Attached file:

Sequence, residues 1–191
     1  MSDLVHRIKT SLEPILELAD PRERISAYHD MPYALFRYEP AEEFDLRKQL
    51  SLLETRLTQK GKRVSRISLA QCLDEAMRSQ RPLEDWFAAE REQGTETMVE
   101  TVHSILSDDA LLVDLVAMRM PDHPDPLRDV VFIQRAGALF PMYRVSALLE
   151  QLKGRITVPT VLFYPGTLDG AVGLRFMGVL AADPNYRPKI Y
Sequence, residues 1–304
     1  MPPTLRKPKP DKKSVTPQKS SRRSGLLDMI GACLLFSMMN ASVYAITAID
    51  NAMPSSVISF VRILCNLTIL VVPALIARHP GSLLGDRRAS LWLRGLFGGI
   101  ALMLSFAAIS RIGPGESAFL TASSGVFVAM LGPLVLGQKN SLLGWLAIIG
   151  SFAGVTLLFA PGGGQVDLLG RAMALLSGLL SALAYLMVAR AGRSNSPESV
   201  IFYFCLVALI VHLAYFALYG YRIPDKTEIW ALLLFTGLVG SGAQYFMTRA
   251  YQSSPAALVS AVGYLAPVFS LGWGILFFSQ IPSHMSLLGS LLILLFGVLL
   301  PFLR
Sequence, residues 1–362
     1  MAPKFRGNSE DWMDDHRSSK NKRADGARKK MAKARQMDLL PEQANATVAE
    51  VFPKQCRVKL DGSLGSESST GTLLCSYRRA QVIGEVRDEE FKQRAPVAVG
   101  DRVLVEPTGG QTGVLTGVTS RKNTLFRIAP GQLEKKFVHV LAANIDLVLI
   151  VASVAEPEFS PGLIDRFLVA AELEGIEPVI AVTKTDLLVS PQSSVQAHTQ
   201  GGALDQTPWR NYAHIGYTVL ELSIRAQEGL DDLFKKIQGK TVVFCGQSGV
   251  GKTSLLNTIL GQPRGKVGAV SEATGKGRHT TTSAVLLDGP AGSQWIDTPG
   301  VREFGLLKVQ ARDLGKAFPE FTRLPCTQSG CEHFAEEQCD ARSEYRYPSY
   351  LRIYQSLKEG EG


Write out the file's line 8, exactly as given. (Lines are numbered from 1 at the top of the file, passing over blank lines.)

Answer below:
    51  NAMPSSVISF VRILCNLTIL VVPALIARHP GSLLGDRRAS LWLRGLFGGI